Bite Wound Abscesses in Cats
A few days ago, I noticed a huge bulging on my cat’s chin. It looked like a swelling of a lymph node or a tooth abscess. Needless to say, I was truly concerned. But a day later, after red spot began to appear on the swelling, it was apparent that my kitty has a bite wound abscess.
After long months of lounging on a couch, comes spring, a time of year when cats are particularly active. Indoor-outdoor, cats begin to venture out more often, and since they are quite territorial creatures, they are likely to get into a fight. Indoor cats can also become more active and prone to territorial arguments. Spring is therefore a time when fight wounds are most common.
What is an abscess?
Abscesses are accumulations of pus mostly formed from puncture wound inflicted during cat fights, but also from foreign bodies such as grass seeds and splinters.
How to recognize an abscess?
Most bites wounds can be treated before they become major abscess that’s why it is so important to discover them early. Despite the varied appearance, cat bite abscesses almost always follow the same pattern. Most bite wounds happen while facing danger or running from it so they are typically found around face, shoulders, forelimbs or on the tail and backside.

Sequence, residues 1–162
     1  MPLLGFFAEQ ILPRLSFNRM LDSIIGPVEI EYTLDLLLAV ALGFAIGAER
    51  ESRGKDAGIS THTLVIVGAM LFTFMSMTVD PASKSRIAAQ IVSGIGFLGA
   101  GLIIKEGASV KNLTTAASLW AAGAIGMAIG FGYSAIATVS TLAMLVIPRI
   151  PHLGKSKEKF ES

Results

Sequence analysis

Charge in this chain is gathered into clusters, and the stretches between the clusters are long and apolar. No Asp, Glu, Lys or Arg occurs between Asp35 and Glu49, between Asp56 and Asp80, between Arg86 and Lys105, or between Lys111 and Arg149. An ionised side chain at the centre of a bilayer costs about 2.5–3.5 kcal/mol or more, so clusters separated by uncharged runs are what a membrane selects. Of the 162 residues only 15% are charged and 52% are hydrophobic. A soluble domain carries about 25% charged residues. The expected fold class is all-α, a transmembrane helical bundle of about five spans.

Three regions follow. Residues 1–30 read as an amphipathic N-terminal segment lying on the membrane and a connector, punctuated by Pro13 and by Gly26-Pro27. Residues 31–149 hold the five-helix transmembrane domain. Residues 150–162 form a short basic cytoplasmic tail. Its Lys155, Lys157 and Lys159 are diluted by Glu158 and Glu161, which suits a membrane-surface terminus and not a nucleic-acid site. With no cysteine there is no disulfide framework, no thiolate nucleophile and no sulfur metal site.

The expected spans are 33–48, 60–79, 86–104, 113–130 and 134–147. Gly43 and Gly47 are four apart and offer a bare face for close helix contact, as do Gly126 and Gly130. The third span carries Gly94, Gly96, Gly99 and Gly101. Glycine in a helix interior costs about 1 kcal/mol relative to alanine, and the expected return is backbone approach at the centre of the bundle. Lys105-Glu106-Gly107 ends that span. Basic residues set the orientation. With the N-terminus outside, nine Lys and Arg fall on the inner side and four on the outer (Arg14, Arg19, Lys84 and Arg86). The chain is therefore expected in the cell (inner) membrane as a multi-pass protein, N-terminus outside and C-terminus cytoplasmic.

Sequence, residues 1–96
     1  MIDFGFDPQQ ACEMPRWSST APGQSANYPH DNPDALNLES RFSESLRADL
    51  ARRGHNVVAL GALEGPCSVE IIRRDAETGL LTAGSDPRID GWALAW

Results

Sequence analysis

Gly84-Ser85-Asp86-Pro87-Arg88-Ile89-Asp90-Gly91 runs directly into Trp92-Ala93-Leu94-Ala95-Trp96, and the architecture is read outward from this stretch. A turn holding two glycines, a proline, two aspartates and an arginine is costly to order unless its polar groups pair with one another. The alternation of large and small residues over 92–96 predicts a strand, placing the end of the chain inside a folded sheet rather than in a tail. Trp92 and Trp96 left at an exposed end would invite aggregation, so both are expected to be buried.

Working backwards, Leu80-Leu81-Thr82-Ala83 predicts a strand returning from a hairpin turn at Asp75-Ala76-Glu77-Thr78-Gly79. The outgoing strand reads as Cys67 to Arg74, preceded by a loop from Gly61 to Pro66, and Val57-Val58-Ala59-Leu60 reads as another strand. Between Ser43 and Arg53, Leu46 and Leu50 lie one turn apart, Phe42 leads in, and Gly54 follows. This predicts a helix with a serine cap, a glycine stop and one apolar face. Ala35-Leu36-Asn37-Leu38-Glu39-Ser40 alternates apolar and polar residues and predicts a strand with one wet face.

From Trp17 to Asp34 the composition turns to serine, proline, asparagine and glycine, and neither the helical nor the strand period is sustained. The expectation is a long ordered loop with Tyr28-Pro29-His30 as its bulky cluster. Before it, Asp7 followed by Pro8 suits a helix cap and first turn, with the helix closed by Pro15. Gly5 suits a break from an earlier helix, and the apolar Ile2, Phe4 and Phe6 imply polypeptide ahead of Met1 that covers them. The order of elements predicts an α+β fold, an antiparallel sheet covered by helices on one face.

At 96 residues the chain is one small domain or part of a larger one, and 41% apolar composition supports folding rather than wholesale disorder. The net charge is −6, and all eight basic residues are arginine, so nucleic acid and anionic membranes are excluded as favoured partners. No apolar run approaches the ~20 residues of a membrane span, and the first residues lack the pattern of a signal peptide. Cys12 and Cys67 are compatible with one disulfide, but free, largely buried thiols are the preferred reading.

Here is how you can recognize a bite wound abscess:
1) Puncture wound visible for one or two days.
2) Swelling around the area for two or five days.
3) Lifting the underline tissue and hair loss around the wound.
In the photos below, puncture wound is swollen and begins to loose hair.
Bite wound abscesses can be dangerous and in most cases will require antibiotics. If the pus oozing from the abscess is yellow, it is a sign that the wound has been infected and the use of antibiotics is necessary. The pus will flow out of the wound on its own, but in some cases it may need to be drained by a vet. Please visit your vet as soon as you notice swelling with the yellow discharge.
In the case of my cat, the abscess raptured on its own. After a few days of swelling, the abscess was gone, but the puncture would was still infected and oozing. My cat needed an oral antibiotics (Clavamox). The infectionIt healed within the next few days, although the boldness remained for 2-3 weeks before the hair started to grow again.
The photo below shows the abscess after rapturing. The wound is healed but area around is hairless.